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N2 - In telecommunication, optical chips modulate, switch or amplify light, enabling a large amount of data to be transmitted through optical fibers. Moreover, such chips are also used in very sensitive medical and environmental sensors. Instead of electrons, optical chips handle photons; they manipulate light on micro- and nanoscales. Designers need to simulate how light behaves in their chips, but in most cases, calculating fully three-dimensional vectorial solutions of Maxwell's equations is computationally too expensive. This thesis attempts to reduce the computational cost of such simulations by globally expanding the field in one spatial direction in the modes of some cross-section(s). A variational procedure is applied to obtain a system of coupled partial differential equations in the other one or two directions - effectively reducing the dimensionality of the simulations by one. The system is solved by means of semi-analytical or finite element methods. The procedure is applied to scalar and vectorial mode solvers, and 2D and 3D scattering problems. For the scattering problems, special attention is paid to the boundary conditions; the boundaries of the calculation window are transparent for outgoing radiation, while allowing influx to be prescribed. When using one or a low number of modes in the expansion, the methods prove to be an improvement on other approximate techniques like the Effective Index Method, while using more modes yields results that converge to those of rigorous methods.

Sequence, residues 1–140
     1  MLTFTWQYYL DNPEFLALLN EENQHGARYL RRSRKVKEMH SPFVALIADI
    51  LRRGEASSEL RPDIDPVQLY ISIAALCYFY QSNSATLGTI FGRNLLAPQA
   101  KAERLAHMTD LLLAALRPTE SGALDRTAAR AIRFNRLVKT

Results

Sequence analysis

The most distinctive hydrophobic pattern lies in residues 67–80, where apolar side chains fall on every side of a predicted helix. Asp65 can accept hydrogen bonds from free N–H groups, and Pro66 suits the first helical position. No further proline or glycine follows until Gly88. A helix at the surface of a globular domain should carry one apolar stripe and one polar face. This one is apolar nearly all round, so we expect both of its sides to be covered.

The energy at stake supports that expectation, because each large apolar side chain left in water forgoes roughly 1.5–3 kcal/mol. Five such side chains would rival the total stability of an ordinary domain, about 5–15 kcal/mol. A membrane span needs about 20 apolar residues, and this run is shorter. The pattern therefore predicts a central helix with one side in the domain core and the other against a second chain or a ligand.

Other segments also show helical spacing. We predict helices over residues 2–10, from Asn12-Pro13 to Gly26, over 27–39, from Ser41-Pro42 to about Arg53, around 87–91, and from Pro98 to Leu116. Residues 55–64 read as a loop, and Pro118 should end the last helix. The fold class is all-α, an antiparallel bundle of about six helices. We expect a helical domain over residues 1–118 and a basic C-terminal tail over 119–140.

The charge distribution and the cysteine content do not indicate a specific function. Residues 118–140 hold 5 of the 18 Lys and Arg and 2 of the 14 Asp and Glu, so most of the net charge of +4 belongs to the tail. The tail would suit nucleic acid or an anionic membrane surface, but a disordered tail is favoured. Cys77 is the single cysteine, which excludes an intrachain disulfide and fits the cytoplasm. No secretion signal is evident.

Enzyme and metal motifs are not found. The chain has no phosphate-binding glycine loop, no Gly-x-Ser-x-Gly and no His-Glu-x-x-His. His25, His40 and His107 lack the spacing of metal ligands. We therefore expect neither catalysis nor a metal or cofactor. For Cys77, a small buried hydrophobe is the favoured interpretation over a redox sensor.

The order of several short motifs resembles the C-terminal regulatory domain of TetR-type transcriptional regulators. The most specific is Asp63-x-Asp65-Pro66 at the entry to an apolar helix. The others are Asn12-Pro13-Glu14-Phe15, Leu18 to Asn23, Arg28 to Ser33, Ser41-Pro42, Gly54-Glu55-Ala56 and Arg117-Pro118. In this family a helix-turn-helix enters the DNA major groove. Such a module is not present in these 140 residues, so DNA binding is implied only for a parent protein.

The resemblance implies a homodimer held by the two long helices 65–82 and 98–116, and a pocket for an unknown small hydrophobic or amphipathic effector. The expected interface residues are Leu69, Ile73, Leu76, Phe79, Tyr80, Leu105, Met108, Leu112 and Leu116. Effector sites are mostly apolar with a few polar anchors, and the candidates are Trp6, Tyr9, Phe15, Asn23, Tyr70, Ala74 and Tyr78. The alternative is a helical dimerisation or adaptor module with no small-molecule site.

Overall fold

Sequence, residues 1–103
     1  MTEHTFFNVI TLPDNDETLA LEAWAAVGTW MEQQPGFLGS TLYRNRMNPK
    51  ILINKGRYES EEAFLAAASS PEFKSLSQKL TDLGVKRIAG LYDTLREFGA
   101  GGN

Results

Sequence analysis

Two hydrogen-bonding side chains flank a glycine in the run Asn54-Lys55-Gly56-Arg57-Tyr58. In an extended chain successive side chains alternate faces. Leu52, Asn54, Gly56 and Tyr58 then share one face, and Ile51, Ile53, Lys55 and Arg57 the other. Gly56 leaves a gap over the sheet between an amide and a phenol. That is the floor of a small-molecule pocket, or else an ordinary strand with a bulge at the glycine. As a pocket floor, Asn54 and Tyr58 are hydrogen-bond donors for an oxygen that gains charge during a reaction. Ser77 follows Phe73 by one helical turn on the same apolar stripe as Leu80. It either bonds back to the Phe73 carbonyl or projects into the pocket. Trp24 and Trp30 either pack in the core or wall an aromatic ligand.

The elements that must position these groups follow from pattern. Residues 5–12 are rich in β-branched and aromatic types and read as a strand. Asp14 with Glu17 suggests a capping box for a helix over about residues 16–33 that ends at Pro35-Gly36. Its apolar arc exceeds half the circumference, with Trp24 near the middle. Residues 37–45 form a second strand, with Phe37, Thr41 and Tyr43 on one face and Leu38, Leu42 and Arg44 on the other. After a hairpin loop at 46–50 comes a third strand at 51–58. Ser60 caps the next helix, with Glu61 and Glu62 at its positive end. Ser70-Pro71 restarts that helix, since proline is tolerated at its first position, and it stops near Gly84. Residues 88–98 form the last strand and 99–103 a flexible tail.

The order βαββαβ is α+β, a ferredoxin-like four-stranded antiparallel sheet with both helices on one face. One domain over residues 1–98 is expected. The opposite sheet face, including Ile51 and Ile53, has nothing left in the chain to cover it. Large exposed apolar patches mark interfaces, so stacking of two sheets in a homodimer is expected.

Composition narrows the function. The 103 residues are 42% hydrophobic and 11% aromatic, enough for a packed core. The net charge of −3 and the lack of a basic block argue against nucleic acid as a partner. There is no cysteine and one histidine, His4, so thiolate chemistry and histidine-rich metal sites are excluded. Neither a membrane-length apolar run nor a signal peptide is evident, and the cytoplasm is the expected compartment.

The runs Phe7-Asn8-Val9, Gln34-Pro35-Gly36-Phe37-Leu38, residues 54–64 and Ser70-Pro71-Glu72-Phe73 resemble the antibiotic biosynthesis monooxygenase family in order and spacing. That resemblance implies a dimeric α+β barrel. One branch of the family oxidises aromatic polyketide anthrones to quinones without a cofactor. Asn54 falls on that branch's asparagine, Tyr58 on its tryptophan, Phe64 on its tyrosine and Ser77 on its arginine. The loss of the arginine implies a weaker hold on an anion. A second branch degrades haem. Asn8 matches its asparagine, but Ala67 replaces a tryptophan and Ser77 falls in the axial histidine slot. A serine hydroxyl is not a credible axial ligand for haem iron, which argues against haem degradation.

AB - In telecommunication, optical chips modulate, switch or amplify light, enabling a large amount of data to be transmitted through optical fibers. Moreover, such chips are also used in very sensitive medical and environmental sensors. Instead of electrons, optical chips handle photons; they manipulate light on micro- and nanoscales. Designers need to simulate how light behaves in their chips, but in most cases, calculating fully three-dimensional vectorial solutions of Maxwell's equations is computationally too expensive. This thesis attempts to reduce the computational cost of such simulations by globally expanding the field in one spatial direction in the modes of some cross-section(s). A variational procedure is applied to obtain a system of coupled partial differential equations in the other one or two directions - effectively reducing the dimensionality of the simulations by one. The system is solved by means of semi-analytical or finite element methods. The procedure is applied to scalar and vectorial mode solvers, and 2D and 3D scattering problems. For the scattering problems, special attention is paid to the boundary conditions; the boundaries of the calculation window are transparent for outgoing radiation, while allowing influx to be prescribed. When using one or a low number of modes in the expansion, the methods prove to be an improvement on other approximate techniques like the Effective Index Method, while using more modes yields results that converge to those of rigorous methods.